Use of the apostrophe to form possessives means to show ownership. While a number of usage rules exist, the following are the commonly accepted methods of forming possessives:

Singular nouns

For years, the standard was to form the possessive of all singular nouns by adding the apostrophe and s ('s). This rule was followed regardless of the final consonant. Today, however, the following exceptions are generally permitted:

Singular nouns not ending in "s"

The standard rule of adding 's applies.

the boy's toys (one boy)
the baritone's pitch pipe
a full day's pay

Singular nouns ending in "s"

Add 's unless the next word begins with s.

the hostess's invitation
the hostess' seat
the witness's answer
the witness' story

Special expressions

Some words ending in sibilants ("s" sounds) take only the apostrophe when followed by words beginning with the letter s.

for goodness' sake
for appearance' sake
Butz' statement

Singular proper names ending in "s"

The use of only the apostrophe is recommended.

Charles' friend        Joe Liles' arrangement        Moses' laws

Plural nouns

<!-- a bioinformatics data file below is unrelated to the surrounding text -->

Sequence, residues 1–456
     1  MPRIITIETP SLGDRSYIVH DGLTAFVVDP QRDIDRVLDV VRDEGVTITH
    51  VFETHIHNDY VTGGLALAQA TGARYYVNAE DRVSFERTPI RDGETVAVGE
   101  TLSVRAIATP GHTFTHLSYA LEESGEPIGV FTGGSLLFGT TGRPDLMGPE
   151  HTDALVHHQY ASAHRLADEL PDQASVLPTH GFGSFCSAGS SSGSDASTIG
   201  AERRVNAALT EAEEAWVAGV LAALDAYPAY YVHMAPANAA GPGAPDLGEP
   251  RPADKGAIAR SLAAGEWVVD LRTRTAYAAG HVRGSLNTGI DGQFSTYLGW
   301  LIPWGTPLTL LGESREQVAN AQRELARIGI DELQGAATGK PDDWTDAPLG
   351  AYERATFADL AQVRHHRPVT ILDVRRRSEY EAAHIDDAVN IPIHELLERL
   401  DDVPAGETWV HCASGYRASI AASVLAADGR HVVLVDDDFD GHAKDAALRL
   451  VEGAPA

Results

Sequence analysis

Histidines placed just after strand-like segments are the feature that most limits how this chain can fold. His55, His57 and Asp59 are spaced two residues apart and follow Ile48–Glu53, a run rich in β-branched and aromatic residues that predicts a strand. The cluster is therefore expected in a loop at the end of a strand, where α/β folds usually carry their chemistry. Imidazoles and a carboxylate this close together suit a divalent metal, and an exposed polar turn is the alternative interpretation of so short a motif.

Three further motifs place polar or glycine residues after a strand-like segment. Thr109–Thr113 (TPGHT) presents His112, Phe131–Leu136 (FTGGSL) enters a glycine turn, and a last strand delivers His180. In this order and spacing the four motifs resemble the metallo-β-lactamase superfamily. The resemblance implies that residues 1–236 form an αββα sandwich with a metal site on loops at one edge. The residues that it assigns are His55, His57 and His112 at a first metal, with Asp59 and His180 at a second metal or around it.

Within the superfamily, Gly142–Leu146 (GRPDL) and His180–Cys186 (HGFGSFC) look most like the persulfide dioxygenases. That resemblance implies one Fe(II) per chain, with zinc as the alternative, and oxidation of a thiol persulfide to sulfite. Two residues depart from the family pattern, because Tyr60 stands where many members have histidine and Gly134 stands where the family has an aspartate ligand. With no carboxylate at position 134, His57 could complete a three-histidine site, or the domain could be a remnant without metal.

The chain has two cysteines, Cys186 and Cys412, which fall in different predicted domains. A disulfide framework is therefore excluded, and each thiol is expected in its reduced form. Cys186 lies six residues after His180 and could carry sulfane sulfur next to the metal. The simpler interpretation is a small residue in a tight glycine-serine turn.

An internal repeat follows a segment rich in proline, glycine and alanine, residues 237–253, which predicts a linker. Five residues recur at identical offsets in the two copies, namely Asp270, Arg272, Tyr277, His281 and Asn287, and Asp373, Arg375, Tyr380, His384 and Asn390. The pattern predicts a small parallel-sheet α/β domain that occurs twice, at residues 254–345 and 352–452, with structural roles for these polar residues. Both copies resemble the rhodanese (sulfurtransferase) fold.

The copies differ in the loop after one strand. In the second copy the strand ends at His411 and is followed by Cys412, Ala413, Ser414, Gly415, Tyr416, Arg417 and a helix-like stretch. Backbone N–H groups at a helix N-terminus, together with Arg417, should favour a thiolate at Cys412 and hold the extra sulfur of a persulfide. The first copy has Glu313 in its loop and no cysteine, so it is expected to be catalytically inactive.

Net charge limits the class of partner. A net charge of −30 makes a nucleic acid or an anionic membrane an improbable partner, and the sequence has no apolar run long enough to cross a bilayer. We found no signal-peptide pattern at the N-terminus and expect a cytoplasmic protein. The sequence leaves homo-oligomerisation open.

Plural nouns not ending in "s"

Add the 's to form the possessive.

the alumni's contributions
women's rights

Plural nouns ending in "s"

Add only the apostrophe.

the tenors' music
the boys' mother (more than one boy)
states' rights

Nouns plural in form, singular in meaning

Add only the apostrophe

United States' wealth
a Thoroughbreds' victory

Joint possession, individual possession

Use a possessive form after only the last word if ownership is joint.

Fred and Vern's choreography plan is great.
Joe and Greg's arrangement needs fine tuning.

Use a possessive form after both words if the objects are individually owned.

Fred's and Vern's uniforms were at the cleaners.
Lou's and Earl's arrangements are copyrighted.

Quasi possessives

Follow the rules above in composing the possessive form of words that appear in specialized phrases.

a day's pay
two weeks' vacation
your money's worth

Possessive pronouns

Possessive personal pronouns ending in s do not use the apostrophe.

yoursours         theirs

Notice that it's is a contraction of it is, not the possessive of the pronoun it. If an editor uses an apostrophe with a pronoun, he should double check to be sure that the meaning of the sentence calls for a contraction.

you're (you are)it's (it is)
there's (there is)         who's (who is)

It's (it is) a wise dog that scratches its (possessive) fleas.


back to Index

back to Aids for Bulletin Editors